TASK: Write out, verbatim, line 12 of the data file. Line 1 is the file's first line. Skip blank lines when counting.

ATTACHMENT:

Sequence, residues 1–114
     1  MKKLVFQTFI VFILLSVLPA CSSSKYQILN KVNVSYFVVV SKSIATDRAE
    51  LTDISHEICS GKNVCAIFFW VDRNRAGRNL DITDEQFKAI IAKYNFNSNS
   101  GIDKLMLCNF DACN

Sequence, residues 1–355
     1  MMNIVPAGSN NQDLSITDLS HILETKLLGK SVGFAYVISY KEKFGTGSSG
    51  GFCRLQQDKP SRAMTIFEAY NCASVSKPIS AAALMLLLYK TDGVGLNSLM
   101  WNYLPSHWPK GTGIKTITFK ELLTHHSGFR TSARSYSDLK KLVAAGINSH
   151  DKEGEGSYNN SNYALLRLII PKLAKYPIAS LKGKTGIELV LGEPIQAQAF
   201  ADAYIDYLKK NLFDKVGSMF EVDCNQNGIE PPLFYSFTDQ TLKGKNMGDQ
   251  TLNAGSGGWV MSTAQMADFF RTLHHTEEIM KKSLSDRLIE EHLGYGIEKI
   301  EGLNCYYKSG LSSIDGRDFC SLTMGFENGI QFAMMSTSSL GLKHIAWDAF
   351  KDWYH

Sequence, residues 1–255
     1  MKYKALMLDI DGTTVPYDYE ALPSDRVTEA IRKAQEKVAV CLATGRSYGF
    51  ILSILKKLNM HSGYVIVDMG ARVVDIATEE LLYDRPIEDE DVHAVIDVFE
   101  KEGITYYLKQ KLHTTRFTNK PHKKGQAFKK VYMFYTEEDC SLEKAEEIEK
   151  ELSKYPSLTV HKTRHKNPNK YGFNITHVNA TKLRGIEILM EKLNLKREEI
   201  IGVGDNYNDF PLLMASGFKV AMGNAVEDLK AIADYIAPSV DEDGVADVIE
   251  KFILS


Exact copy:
   301  EGLNCYYKSG LSSIDGRDFC SLTMGFENGI QFAMMSTSSL GLKHIAWDAF